If you look at the black church, compared to the Catholic church with billions of dollars in gold and real estate, the black church lacks tangible long-term assets. More than 80% of black communities attend some form of group service. If the church starts accepting bitcoin donations in the form of 501 (c) (3) and hosting it, it could help support the community in the long run. You can stop Bitcoin.

Is there a political solution to strengthening civil liberties?

If we really had a democratic system, in which one by one vote, we would see a huge difference. Unfortunately, at the national level, there is Electoral College where states have the authority to overturn voters.

I want to see that abolished. Right now, voting is really just a hint of democracy, no one really elects their leaders. At the local level, I think we need to get money out of politics, where middle politicians can agree to vote. Fundraising should be standardized and everyone should only be allowed to give the same amount. That is where the blockchain can operate effectively, so that it can track where the money and its origin come from without any manipulation.

There are several interesting blockchain projects that allow decentralized communities to form. Most of these projects are still very early, so liquidity is not as effective as bitcoin. But you have Ethereum-based projects, the second largest blockchain, like smart contract-based voting that can improve local politics.

I believe that blockchain itself is a hot sauce, as my friend said, you can put it on everything, however, I think there will be a technological solution that helps the black community.

You mentioned earlier that the real way to help black communities is by voting in their dollars. Can you break it?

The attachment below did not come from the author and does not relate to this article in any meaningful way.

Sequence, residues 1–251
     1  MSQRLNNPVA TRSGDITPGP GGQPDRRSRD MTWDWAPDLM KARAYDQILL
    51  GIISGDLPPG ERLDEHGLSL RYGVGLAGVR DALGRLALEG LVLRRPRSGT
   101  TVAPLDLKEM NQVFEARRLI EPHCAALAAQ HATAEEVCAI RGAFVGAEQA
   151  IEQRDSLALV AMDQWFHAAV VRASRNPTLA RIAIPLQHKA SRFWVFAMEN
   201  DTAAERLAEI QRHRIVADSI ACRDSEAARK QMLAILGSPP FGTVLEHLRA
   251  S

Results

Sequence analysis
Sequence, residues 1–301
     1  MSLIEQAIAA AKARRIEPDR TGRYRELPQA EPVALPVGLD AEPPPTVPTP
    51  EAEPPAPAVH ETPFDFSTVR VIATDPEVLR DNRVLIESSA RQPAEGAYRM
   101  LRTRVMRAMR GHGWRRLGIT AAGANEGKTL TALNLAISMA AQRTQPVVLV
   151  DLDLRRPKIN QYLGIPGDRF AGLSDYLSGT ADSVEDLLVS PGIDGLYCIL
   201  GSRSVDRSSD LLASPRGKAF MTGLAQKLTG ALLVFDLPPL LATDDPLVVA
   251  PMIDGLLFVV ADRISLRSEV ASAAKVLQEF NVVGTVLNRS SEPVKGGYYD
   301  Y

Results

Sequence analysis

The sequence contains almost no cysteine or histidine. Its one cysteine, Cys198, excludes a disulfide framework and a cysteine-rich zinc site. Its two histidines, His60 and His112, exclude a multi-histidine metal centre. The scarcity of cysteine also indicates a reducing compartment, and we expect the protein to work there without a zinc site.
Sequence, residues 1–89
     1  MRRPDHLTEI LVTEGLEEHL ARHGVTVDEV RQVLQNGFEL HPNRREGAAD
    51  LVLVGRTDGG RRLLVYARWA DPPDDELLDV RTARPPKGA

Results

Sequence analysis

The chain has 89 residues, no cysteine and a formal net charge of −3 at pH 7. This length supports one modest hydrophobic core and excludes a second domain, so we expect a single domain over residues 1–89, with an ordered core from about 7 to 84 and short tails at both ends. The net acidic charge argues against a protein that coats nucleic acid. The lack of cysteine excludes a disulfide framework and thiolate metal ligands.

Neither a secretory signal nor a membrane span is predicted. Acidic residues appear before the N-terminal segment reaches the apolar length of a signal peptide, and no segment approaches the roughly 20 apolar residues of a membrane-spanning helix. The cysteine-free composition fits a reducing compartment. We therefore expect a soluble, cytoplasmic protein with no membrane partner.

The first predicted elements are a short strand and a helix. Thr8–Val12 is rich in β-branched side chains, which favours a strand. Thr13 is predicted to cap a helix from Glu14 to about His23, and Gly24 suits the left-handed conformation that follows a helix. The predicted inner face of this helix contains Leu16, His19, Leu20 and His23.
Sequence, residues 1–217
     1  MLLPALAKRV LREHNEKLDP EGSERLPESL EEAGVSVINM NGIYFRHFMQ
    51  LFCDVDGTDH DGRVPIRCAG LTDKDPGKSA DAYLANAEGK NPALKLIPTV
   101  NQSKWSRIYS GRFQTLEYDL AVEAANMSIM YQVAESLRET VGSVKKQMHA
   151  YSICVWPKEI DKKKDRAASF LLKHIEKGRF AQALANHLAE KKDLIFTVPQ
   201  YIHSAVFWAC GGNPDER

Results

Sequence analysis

From a digital standpoint, most of the wealth in this country is stored in company investments. One of the things I wrote in the book is that 99% of venture capital flows into other communities, while only 1% is for black founders.

You don't have to give money to blacks, I don't ask for donations, but at least look at black businesses and shop with black businesses wherever you are. Most adopted or paradise build trust with people from other communities. In my own experience, in the field of fintech, I have been asked many times about my financial knowledge.

You have to realize that blacks are viable in every area of ​​business. In a nutshell, if you want to help: shop with black businesses. That is what will help build a strong middle class. And, of course, speak out if you see something.

Andreessen Horowitz announced a $ 2.2 million fund on Wednesday dedicated to funding representative founders. Last month they raised $ 515 million for a second cryptocurrency fund. Could this show the wrong priorities of the financial industry?

I think most of these companies are now realizing that they want to give the founders of black technology. It's better late than never. At least you are doing something.

There are many assets created through venture capital, which can support the creation of businesses in the long run, thus requiring investment. $ 2.2 million is a start, and once we prove ourselves to the companies that really work, we can go from there. Talk money and go nonsense.

How do you make sense of the violence that broke out during George Floyd's protests?